How to Write a Sermon
It is a strange fact that most ministers and clergy rarely listen to any sermons but their own. Many of us who preach regularly are rarely allowed the luxury of sitting down while someone else does it, and, since we don’t get the chance to contrast our sermons with those of others, we develop a style (if it can possibly be called that) that is sometimes more peculiar than unique. There are among preachers such great variations in personality, theological perspective and personal agenda that it is hard to describe sermons as any sort of standardized product. Having said that, I hope these tips may help if you are ever required to preach.
First, allow yourself plenty of time to prepare. An hour is not enough. A day may be, but it’s a good idea to chew things over for several before you sit down to put your thoughts on paper. Think about the way the sermon will be presented. Once you have preached a thousand times you may be happy to deliver a sermon without notes. Until then, it is pretty much essential to type it out on paper that you can easily read from, and then to read it enough times to absorb it so that you don’t have to “read” every word when the time comes to deliver it.
Think about how you will sound and how you will stand. Can you sound like yourself, and not put on a churchy voice? Where are you going to put your hands, and what use will you make of body language? Traditions vary on these things; gymnastics in the pulpit will not disguise poor content but a bit of movement or the odd wave of your arms for emphasis at the right moment may help keep people awake. Ask your family or friends what your annoying mannerisms are, and, if you dare, read your sermon to them before you preach it. Get their comments on your style and manner…. When you have dried your tears you can turn to the following considerations, which absolutely must be addressed before you go any further. The more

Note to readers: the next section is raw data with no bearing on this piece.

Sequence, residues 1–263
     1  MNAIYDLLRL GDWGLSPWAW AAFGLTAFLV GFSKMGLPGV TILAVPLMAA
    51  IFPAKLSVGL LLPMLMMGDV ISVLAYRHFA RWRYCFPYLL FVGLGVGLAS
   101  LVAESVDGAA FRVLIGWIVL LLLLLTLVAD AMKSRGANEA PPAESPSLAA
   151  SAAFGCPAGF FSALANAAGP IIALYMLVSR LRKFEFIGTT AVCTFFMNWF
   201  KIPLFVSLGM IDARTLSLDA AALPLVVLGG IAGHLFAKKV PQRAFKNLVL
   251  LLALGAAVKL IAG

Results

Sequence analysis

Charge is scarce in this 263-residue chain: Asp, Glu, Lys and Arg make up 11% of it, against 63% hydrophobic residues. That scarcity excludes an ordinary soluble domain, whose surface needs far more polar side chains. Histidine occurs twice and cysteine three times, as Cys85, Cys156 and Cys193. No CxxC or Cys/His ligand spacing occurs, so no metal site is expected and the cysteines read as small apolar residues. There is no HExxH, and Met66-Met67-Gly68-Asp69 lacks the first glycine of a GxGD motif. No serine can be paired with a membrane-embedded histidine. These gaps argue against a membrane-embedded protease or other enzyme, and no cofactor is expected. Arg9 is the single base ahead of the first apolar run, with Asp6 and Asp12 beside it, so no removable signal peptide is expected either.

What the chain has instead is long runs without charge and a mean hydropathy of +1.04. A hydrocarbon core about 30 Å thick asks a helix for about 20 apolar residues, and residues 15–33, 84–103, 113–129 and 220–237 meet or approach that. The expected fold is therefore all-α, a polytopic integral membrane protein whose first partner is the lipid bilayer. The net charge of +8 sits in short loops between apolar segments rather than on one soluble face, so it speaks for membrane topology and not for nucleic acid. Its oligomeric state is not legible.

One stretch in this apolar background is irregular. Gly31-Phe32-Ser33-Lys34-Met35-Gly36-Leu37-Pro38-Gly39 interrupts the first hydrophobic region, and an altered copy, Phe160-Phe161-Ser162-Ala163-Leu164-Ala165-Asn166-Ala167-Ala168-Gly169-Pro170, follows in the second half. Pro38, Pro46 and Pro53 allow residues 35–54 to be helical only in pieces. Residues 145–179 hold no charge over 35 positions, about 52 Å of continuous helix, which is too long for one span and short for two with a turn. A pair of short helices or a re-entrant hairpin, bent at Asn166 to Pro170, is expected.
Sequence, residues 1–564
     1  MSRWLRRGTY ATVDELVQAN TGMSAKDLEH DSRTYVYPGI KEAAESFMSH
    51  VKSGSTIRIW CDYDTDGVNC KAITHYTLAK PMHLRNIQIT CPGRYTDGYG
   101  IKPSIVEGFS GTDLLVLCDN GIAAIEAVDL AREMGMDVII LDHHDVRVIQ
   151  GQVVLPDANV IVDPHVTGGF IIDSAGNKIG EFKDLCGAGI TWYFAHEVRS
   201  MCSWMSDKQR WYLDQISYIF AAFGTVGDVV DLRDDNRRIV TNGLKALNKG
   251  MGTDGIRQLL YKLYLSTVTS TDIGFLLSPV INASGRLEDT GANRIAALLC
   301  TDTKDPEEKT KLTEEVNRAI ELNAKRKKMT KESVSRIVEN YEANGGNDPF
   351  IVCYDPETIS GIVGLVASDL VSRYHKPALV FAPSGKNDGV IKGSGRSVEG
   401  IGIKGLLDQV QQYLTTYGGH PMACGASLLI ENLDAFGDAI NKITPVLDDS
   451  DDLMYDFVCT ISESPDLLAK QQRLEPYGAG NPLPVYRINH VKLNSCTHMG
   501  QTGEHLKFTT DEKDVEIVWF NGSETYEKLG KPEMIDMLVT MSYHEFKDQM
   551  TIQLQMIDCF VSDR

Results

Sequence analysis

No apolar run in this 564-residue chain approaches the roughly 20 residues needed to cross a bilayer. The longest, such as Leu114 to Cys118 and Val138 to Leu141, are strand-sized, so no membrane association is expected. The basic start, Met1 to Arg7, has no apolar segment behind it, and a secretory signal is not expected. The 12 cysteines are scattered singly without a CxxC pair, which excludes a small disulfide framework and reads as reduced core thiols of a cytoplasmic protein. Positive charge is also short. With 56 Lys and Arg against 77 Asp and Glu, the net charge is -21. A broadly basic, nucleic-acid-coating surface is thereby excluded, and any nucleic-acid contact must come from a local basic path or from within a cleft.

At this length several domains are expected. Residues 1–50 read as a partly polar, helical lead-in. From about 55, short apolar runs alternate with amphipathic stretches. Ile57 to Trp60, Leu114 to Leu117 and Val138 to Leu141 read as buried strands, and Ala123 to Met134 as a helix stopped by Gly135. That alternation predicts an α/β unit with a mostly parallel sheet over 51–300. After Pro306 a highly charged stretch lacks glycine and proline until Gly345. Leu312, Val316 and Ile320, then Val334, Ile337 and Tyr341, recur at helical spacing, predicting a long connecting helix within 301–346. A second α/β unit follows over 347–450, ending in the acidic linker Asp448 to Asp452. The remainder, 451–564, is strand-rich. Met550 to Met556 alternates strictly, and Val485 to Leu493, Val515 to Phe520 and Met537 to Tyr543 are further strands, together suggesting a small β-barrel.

information you can gather on these matters, the easier it will be to say something meaningful.
The converted—or not?
What will the Biblical readings be, and above all, if there is a reading from one of the gospels, what is it? If any of the passages are familiar or illustrate a theological point that you are already aware of, this may provide the core of your text. It’s pretty crucial to have an idea of the sort of message you are aiming to deliver. Are you asking people to change the way they think, or the way they act? Are you asking them to reconsider attitudes to outsiders, to the poor, to themselves? Are you getting them on your side for a major appeal, building programme or event? Do you want to encourage them to turn to God for help, understanding or consolation? Do you have to tell them off?
Who will you be preaching to? If you are going to be facing a congregation of retired stockbrokers, you’ll need a different approach from the one you might use with an all-ages congregation in a modest suburban church. The political orientation of the congregation is worth knowing about—not so as to make you change your message (the Gospel is the Gospel, after all, and you’re not delivering this stuff merely in order to avoid giving offense), but to avoid language that may so incense your hearers that they switch off their hearing aids before you have had your say.